In recent years, the Angel Oak has survived a few devastating hurricanes, including Hurricane Matthew in 2016 — a Category 5 hurricane that did quite a bit of damage to the entire Lowcountry area. The only modern hurricane to cause damage to the Angel Oak was Hurricane Hugo in 1987.
Directions to the Angel Oak
Address: 3388 Angel Oak Road, Johns Island, S.C. 29455
Hours: 9 am – 4:50 pm daily
If you're driving from Savannah, I-95 to 17 is the fastest route. It's not a terrible way to go, because that route takes you through Yemassee where you can easily visit the Old Sheldon Ruins. (Highly recommended!) Here's a map where I've included a few other points of interest you might want to check out nearby and along the way.
Click on each icon on the map to learn more about the attraction and to get the specific address to enter into your GPS.
If you head on to Charleston after visiting the Angel Oak, make sure you read through my suggested list of things to do in the area: 2019 Charleston SC Printable Bucket List
Parking and Bathroom Details
When visiting the Angel Oak, you'll have to exit off of a paved road and drive behind a church on a dirt road for a short amount of time before arriving at the property.
The tree sits on fenced property and is under constant surveillance, so if you go after hours, please don't try climbing the fence. It's not lit at night anyway, so you wouldn't be able to see anything. Plus, you'll risk getting arrested for trespassing or criminal mischief.
During visiting hours, the gates are open and you can park in the on-site dirt surface parking lot. There's also a small log cabin that contains a gift shop.
The “last entry” time for the parking lot is 4:50, but sometimes they close the gate 10 or 15 minutes before last call. (You can still get out, you just can't enter.) They also temporarily close it during thunderstorms.
Porta-potties are available next to the parking lot, but a better option would be to go to a nearby restaurant or gas station. There are plenty of options within a 5 mile radius!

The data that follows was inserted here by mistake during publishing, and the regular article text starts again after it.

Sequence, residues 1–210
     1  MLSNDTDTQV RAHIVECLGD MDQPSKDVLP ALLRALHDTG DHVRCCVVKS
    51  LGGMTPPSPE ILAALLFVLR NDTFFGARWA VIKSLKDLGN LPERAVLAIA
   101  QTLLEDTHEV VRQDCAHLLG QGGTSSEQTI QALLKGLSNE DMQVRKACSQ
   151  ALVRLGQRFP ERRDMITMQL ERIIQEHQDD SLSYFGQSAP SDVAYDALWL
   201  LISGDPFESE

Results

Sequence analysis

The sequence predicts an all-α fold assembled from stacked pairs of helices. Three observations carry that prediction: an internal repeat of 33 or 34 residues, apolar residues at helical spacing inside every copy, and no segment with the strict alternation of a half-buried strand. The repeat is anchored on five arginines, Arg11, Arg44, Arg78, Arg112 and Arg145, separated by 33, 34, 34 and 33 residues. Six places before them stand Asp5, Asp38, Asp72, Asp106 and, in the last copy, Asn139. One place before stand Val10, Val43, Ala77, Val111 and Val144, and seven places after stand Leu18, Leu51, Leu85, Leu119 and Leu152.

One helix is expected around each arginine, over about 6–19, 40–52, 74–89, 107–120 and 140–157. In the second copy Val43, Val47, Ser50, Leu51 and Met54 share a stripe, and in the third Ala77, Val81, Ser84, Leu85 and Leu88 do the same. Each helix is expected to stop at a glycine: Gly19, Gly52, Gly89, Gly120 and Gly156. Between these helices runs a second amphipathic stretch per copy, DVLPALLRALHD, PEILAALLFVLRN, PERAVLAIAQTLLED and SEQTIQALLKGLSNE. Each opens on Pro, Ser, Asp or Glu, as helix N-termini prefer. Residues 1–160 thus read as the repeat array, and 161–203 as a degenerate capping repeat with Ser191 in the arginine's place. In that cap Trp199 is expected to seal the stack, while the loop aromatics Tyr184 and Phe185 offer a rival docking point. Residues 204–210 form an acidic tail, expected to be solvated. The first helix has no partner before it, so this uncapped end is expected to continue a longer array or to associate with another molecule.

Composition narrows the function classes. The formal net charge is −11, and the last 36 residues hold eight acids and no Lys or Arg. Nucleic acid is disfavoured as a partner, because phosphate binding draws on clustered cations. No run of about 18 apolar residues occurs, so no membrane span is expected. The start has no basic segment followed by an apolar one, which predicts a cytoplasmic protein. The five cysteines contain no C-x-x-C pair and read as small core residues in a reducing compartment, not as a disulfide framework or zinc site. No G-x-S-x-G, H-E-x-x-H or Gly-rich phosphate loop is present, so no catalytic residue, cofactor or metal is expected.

Protecting the Angel Oak for Future Generations
The land is currently owned by the City of Charleston. Because the tree's root system is so intertwined with the adjacent forest, the Lowcountry Land Trust purchased the surrounding acreage in 2014 to protect the area from further development.
The reason it's so important to have a strong forrest surrounding the tree is because it protects the Angel Oak from hurricanes and filters out pollutants that could damage the tree. You can donate to the Lowcountry Land Trust here…
Or, if you'd prefer to purchase a print of one my photos of the tree, just let me know. I'll donate $10 from each purchase to Savannah Working Against Human Trafficking (SWAHT) to help fight against modern forms of slave labor and human trafficking.
Other Nearby Southern Live Oaks
- The Candler Oak in Savannah, GA – Estimated at approximately 300 years old, The Candler Oak sits along the northeastern edge of Forsyth Park and is listed on the National Historic Register of Trees.
- Lover's Oak in Brunswick, GA – It has an official plaque from the National Arborist Association stating it was in existence in 1787 when the U.S. Constitution was signed, but the tree is considered much older than that. Although living trees are difficult to date, it's estimated to be 900 years old.
- Liberty Oak on Hilton Head Island, SC – The Liberty Oak is located in Harbour Town and is approximately 300 years old. Sea Pine's founder, Charles Fraser, who was one of the early developers on Hilton Head Island, is buried beneath it.
- Talbird Oak on Hilton Head Island, SC – Located in beautifully landscaped Hilton Head Plantation, it's estimated to be approximately 300 years old.
- Cherry Hill Plantation Oak in Beaufort, SC – This one grows on relatively undeveloped land in Beaufort that formerly operated as the Cherry Hill Plantation. It's approximately 400 years old.
- Grandfather Oak in Charleston, SC – The Grandfather Oak is possibly the oldest known oak tree in SC. It's located in Charleston's Magnolia Cemetery, and arborists estimate its age at somewhere between 800 – 925 years. The trunk is 25 feet around and the branches spread to 117 feet.
Wow, I'm pretty sure that's the most I've ever written about a tree! This post turned out a lot longer than expected, but if I left any questions unanswered, feel free to let me know.
Head over to Instagram to join me and see more photos in and around the Lowcountry, sign up for my emails to get the inside scoop about where to explore, and be sure to purchase a copy of my Savannah First-Timer's Guide if you're planning a trip to Savannah!
Pin It for Later: The Angel Oak: Everything You Need to Know
Sources: National Archives, Old Ironsides: Warrior and Survivor | National Archives, Old Ironsides: Warrior and Survivor | Wikimedia Commons, USS Constitution | South Carolina Plantations, Angel Oak – Johns Island – Charleston County